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Franco v. Mabe Trucking Co. Inc.

United States District Court, W.D. Louisiana, Shreveport Division

January 9, 2019

DAVID FRANCO
v.
MABE TRUCKING CO., INC., ET AL.

          KAREN L. HAYES JUDGE.

          RULING

          TERRY A. DOUGHTY UNITED STATES DISTRICT JUDGE.

         Pending before the Court is the Motion for Partial Summary Judgment filed by Defendants Mabe Trucking Co., Inc. (“Mabe”), National Interstate Insurance Company (“NIIC”), and Richard Agee (“Agee”) [Doc. No. 109]. Defendants move the Court for partial summary judgment (1) that Louisiana law does not allow Plaintiff David Franco (“Franco”) to recover exemplary damages; (2) that the doctrine of negligence per se does not apply in Louisiana; and (3) that Franco is solely and wholly liable for this accident under the last clear chance doctrine. Franco has filed an opposition to the motion [Doc. No. 114]. Defendants have filed a reply to the opposition [Doc. No. 120].

         For the following reasons, the Defendants' Motion for Partial Summary Judgment is GRANTED IN PART and DENIED IN PART.

         I. FACTS AND PROCEDURAL BACKGROUND

         This case arises out of a motor vehicle accident. On or about November 24, 2015, Franco's vehicle was involved in a collision with an 18-wheel truck owned by Mabe and being driven by Agee on Interstate 20 in Louisiana shortly after crossing the border between Texas and Louisiana. On November 22, 2016, Franco filed suit against Mabe in the United States District Court for the Eastern District of Texas, Marshall Division, alleging diversity of citizenship jurisdiction under 28 U.S.C. § 1332(a). On July 6, 2017, the suit was transferred to this Court. On May 3, 2018, Franco filed a Supplemental and Amended Complaint adding Agee and NIIC as defendants.

         Franco alleges that the accident was caused by the negligent operation of the truck by Agee in pulling onto Interstate 20 directly in front of him. Franco further alleges that Agee was an employee of Mabe at the time of the accident, rendering Mabe liable for the negligence of Agee under the doctrine of respondeat superior. The Court granted Defendants' prior motion for summary judgment and dismissed with prejudice Franco's direct negligence claims against Mabe for allowing Agee to operate the vehicle, failing to train him, and failing to maintain the vehicle [Doc. Nos. 101, 102]. Due to the principle of vicarious liability, Mabe remains a defendant in this matter.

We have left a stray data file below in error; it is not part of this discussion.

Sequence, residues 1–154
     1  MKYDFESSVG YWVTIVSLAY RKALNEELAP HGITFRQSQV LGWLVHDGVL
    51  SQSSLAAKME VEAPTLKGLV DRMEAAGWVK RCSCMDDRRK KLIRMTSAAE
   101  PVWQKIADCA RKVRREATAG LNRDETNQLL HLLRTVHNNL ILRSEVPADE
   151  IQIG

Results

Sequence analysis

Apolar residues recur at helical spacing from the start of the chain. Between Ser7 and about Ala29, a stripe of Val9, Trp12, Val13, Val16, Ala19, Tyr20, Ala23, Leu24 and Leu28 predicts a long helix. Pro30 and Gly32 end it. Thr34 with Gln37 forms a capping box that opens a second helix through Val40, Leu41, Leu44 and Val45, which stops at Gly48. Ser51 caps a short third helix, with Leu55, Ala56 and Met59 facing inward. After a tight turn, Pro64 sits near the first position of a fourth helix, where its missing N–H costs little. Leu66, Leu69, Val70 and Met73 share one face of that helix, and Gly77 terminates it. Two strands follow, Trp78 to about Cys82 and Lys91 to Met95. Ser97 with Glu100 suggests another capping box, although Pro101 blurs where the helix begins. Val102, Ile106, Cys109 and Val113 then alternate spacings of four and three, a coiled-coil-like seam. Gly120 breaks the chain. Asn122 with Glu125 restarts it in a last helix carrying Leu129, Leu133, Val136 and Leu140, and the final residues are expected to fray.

The parties have fully briefed the pending motion and the Court is now prepared to rule.

         II. LAW AND ANALYSIS

         A. Summary Judgment

         Summary judgment ''shall [be] grant[ed] . . . if the movant shows that there is no genuine dispute as to any material fact and the movant is entitled to judgment as a matter of law.'' Fed.R.Civ.P. 56(a). A fact is ''material'' if proof of its existence or nonexistence would affect the outcome of the lawsuit under applicable law in the case. Anderson v. Liberty Lobby, Inc., 477 U.S. 242, 248 (1986). A dispute about a material fact is ''genuine'' if the evidence is such that a reasonable fact finder could render a verdict for the nonmoving party. Id.

         If the moving party can meet the initial burden, the burden then shifts to the nonmoving party to establish the existence of a genuine issue of material fact for trial. Norman v. Apache Corp., 19 F.3d 1017, 1023 (5th Cir. 1994). The nonmoving party must show more than ''some metaphysical doubt as to the material facts.'' Matsushita Elec. Indus. Co., Ltd. v. Zenith Radio Corp., 475 U.S. 574, 586 (1986). In evaluating the evidence tendered by the parties, the Court must accept the evidence of the nonmovant as credible and draw all justifiable inferences in its favor. Anderson, 477 U.S. at 255.

         B. Exemplary, or Punitive, Damages

         Franco alleged in his Complaint that he is entitled to exemplary, or punitive, damages. Defendants move for summary judgment dismissing Franco's claim for exemplary damages, on the basis that Louisiana law does ...


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